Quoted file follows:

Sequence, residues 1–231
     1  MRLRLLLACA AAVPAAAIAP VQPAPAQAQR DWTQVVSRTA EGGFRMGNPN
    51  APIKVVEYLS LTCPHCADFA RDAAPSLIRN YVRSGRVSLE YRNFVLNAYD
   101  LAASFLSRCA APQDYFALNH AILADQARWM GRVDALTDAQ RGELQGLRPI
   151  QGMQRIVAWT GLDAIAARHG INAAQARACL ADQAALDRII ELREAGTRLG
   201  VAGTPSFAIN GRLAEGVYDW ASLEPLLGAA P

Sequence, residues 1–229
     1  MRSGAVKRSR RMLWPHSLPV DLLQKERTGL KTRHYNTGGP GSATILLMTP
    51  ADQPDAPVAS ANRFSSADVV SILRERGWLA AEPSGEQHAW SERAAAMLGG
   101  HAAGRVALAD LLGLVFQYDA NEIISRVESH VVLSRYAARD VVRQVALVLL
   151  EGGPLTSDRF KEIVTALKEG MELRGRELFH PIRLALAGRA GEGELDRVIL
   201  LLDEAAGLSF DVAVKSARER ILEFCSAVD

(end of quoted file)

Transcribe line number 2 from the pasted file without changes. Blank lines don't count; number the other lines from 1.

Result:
     1  MRLRLLLACA AAVPAAAIAP VQPAPAQAQR DWTQVVSRTA EGGFRMGNPN